As the heat wave envelops most of the country, a lot of us would rather jump in the lake or river than go fishing there. Not a bad idea… but believe it or not, the sultry weeks of midsummer can be very productive for fishing, provided you make a couple of simple changes to your approach.
Successful fishing at this time of year really boils down to two things:
1.) You want to change the time of day you fish, focusing mostly on early mornings, evenings, and in some situations in the late of night, and 2.) You want to change the depth you fish in lakes, with the understanding that most fish species are going to move to deeper, cooler waters, especially in daylight hours.
Let’s talk first about timing. We’ll use fly fishing for trout (on rivers) as an example. At this time of year, in most places, the classic spring mayfly hatches are over. You might find some dry fly action (like green drakes and summer caddis) especially on rainy afternoons, and terrestrial flies like ants, beetles, and grasshoppers will start to produce, but the real action happens early in the morning and late at night.
For example, try fishing mouse flies at night (check your local regulations to be sure night fishing is legal) and you might just surprise yourself with what size trout shows up for dinner. The biggest predatory trout eat at in the dark (new moon phases are best)… and they eat mice.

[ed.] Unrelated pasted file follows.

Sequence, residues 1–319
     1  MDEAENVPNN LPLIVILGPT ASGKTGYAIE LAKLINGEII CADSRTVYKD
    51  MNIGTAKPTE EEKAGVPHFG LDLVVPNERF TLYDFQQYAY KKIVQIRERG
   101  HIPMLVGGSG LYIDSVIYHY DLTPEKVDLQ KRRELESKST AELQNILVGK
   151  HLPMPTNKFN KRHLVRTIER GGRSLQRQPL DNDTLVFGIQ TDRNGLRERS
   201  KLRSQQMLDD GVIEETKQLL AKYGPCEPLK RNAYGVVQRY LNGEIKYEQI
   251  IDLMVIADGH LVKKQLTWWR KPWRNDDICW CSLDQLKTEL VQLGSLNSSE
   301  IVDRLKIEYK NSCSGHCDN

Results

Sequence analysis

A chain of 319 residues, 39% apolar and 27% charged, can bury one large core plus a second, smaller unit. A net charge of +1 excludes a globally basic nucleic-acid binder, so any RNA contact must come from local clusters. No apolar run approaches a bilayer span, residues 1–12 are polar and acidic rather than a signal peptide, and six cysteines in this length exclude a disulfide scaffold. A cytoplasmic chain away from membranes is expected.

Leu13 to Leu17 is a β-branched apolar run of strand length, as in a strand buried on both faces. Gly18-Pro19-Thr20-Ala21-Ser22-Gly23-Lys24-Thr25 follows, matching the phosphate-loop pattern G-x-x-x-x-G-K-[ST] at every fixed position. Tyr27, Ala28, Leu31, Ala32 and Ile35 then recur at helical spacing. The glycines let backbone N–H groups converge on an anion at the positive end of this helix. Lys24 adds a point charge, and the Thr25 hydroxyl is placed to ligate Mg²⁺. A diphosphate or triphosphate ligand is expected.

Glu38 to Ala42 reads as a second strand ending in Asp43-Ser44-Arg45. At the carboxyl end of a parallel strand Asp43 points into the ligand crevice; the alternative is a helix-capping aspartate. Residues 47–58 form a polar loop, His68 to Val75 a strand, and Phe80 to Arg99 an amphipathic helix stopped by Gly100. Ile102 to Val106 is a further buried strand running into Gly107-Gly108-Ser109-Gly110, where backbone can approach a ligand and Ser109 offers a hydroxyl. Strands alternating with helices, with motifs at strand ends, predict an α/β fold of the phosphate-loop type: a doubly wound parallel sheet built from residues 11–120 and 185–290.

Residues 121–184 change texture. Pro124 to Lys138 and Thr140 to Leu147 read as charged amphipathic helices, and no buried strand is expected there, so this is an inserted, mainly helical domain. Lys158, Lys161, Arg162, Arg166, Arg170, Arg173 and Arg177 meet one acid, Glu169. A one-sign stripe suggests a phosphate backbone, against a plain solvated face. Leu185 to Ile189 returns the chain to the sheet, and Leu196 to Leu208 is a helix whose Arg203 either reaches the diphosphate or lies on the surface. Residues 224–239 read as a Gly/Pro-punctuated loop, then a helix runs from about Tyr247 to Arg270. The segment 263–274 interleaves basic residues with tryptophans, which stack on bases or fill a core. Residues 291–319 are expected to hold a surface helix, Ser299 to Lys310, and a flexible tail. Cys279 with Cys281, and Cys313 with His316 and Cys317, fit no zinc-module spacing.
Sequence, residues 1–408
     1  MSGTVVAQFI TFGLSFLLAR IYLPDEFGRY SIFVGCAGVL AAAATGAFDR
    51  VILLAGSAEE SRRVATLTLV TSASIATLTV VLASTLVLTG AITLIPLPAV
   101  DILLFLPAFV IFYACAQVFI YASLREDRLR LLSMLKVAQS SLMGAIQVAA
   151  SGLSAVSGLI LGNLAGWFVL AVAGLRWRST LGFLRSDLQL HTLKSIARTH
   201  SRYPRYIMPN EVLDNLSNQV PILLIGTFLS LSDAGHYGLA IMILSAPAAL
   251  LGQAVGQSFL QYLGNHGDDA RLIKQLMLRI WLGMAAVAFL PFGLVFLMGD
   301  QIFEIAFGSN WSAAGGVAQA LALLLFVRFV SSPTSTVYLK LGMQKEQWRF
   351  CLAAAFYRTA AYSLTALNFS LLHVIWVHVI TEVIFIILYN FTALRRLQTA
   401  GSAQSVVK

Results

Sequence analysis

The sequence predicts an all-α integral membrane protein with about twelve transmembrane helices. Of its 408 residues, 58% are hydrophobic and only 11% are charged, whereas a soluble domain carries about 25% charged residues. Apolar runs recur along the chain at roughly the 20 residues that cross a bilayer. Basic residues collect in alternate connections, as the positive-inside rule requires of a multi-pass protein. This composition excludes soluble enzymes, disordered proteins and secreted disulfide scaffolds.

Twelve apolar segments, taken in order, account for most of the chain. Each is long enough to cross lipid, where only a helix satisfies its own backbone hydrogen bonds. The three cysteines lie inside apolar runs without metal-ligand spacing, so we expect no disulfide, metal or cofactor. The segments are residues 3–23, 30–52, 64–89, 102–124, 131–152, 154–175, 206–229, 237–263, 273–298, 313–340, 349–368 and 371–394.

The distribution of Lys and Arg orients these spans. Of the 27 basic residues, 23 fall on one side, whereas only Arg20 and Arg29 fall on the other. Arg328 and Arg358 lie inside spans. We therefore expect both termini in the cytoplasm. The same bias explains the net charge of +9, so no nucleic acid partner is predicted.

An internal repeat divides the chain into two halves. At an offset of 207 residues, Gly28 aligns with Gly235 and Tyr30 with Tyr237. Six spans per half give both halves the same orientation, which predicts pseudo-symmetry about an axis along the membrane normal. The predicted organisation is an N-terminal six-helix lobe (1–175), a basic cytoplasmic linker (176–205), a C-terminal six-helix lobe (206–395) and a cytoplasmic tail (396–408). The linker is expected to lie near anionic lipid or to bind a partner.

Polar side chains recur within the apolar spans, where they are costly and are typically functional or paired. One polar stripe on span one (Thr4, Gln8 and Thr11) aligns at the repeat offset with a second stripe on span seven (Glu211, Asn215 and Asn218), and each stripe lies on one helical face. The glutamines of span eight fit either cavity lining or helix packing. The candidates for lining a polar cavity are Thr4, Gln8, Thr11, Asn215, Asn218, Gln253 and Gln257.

On a bass lake, I’m also going to avoid the hours when the sun is highest and brightest, instead fishing in early morning and late afternoon/evening hours. I’m also going to look for fish in deeper water (20-30 feet), and use deep-diving crankbaits on fluorocarbon line as my go-to rig.
Thing is, those factors that help you locate bass in early spring, like forage (baitfish, crawfish, etc.), structure, and current, all are still very much in play in the summer months. So I’m looking for things like a submerged rock pile, a steep shelf that flattens out in deep water, submerged vegetation, and points with subtle currents.
Find these things, and you’ll find the fish. And that doesn’t just apply to largemouth bass, it’s the same for smallmouth bass, walleyes pike, and other species.
So don’t let the dog days get you down. Enjoy them by fishing early, late… and in many cases, deep.
Kirk Deeter is an editor-at-large with Field & Stream magazine, and the editor-in-chief of Angling Trade. He is the co-author of four books, most recently the Little Red Book of Fly Fishing.